How has the Sandy Hook Shooting Impacted your Child- Recognizing Trauma
There are a lot of great articles floating around the internet on how to talk to your kids about the Sandy Hook school shooting, but my favorite is:
- Talking with your Kids about the Connecticut School Shooting by Katie Malinski, LCSW
I also really appreciate this article for adults, encourage us to feel before acting.
- Connecticut by Susan Piver
A week later, most of us have navigated through the initial question of “How do I talk to my kids about this?” This horrific mass murder that happened in what we perceive to be one of the safest places on earth- an elementary school in a quiet, cozy town. We’ve answered our kid’s questions about why this happened and if their school is safe. Some of us even have kids whose school is addressing this, either verbally or with drills. So what now? How do we know if our kids are bouncing back or if they need some extra help and support to process through this event? Children can experience symptoms of trauma simply from hearing about an event or watching the news on television. They may experience symptoms of trauma because they overheard some classmates talking about the shooting or because your child’s school had a “lock-down” drill. Children may experience symptoms of trauma because adults in their life had a very big reaction to the event. Expressing grief, sadness, and anger will not typically traumatize a child, but when adults experience and express their own overwhelming feelings that result in big displays of emotion, this can be very frightening and confusing to a young child and leave them feeling unsafe.
What should I look for in my child? How do I know if he is experiencing some symptoms of trauma?
Play– For young children, trauma symptoms may be expressed in your child’s play. You may notice obvious themes (in this example, through playing school, violence at schools, feeling scared or helpless at school). It is common for kids to work through their fears and feelings in their play. You want to pay close attention to the play and you should see the play progress and eventually resolve. If your child’s play seems frantic, driven, and does not reach a resolution or appear to bring your child any relief, then your child likely needs some help moving through that traumatic play.
Sleeping and Eating– Dramatic changes in your child’s sleeping and eating patterns may suggest lingering traumatic effects.
Emotions– Bigger than usual emotional responses, like becoming angry or scared very quickly, having longer and more intense temper tantrums, or becoming more oppositional or agitated.
Changes in personality– Your previously outgoing child may become shy and withdrawn. Your easy going child may become cranky and difficult to please.
Somatic complaints– Your child may have an increase in tummy aches or headaches. Trauma can cause digestive problems that result in constipation or diarrhea.
ADHD symptoms– Often times children who experienced trauma are misdiagnosed with ADHD. They are very active, appear to have excess body energy, and have difficulty concentrating.
Excessive talking– Children talk ‘a mile a minute’ and may ask was seems like a million nonsense questions that they already know the answer to.
Checking out– You may notice your child staring off into space or having a blank look in her eyes.
Regressing– Children experiencing the impact of trauma may turn to behaviors they left behind in their toddler-years. Thumb sucking, bedwetting, or baby-talk.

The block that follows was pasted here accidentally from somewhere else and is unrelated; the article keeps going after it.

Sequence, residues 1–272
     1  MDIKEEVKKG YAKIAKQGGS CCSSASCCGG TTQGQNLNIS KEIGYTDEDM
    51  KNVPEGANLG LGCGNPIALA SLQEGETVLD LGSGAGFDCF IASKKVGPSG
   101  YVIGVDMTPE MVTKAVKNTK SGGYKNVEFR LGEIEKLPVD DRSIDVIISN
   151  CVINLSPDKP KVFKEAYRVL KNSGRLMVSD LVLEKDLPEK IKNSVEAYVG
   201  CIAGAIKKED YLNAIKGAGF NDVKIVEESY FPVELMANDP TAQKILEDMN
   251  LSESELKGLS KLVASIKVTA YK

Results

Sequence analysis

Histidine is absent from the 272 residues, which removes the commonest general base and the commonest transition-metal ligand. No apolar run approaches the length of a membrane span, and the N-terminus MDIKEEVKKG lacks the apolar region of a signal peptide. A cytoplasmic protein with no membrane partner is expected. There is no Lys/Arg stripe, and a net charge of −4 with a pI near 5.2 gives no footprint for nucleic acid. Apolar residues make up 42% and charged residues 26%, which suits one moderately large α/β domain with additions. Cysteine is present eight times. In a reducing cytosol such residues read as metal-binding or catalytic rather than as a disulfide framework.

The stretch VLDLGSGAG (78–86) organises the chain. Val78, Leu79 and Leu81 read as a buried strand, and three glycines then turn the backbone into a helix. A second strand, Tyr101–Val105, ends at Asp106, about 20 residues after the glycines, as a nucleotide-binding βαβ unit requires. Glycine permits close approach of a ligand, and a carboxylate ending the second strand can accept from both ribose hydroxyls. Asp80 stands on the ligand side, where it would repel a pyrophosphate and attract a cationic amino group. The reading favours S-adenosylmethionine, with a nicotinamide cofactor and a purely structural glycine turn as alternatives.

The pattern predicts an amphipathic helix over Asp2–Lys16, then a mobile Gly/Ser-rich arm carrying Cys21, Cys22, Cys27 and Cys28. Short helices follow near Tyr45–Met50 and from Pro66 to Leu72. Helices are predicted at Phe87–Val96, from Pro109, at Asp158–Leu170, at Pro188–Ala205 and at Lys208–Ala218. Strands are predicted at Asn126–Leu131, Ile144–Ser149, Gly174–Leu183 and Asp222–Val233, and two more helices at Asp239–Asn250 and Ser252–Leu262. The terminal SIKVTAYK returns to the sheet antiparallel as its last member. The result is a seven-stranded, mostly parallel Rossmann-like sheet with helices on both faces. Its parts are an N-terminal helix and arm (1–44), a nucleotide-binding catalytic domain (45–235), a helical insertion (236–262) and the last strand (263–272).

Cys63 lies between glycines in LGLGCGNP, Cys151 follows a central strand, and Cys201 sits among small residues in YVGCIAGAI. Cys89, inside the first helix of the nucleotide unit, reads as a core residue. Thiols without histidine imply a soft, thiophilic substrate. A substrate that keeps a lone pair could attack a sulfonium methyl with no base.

Becoming preoccupied or obsessed– Wanting to learn about guns and read about guns; wanting to learn everything he can about the school shooting, researching safety protocols in schools, constantly talking about the event.
Magical thinking– This is developmentally appropriate for school age children and may be expressed by your child thinking a certain thing “caused” the event or was an “omen.” It’s important to correct these ‘mixed up thoughts.’
School symptoms– Difficulty concentrating, harder time finishing a task, being off task, excess energy and moving around the classroom, difficulty feeling ‘settled.’
Exaggerated startle reflex– A cupboard closing or a toilet flushing may cause your child to startle.
Fatigue, daydreaming, and isolation– This may be the result of your child shutting down and “checking out,” symptoms therapists may refer to as “mild dissociation.” These children may cut themselves off from peers, preferring to be alone. If your child has suddenly shown an increase in activities that keep them shut off from life (for example, reading books or playing video games) she may be showing symptoms of mild dissociation.
A few thoughts on teenagers: Teens may demonstrate traumatic stress in any of the above ways, but they also may have more ‘classic’ symptoms of PTSD, including flashbacks, avoiding thoughts or experiences associated with the incident, and finding ways to numb their feelings. This may look like drugs, alcohol, sex, cutting, or other risky behaviors. Teens may become irritable and depressed. You may see a decline in their grades and an increase in behavior such as being oppositional, disrespectful, or skipping school.
Children can experience the trauma of this tragedy even thousands of miles away, particularly due to media coverage. Some of the symptoms above may be demonstrated by your child and this isn’t necessarily a reason to call a therapist. However, if the symptoms linger, persist, and interfere with your child’s regular life, it may be time to look for some help from a therapist who has worked with children impacted by trauma.
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Robyn Gobbel, LCSW is a child and family therapist in Austin, Texas specializing in adoption, trauma, and attachment counseling.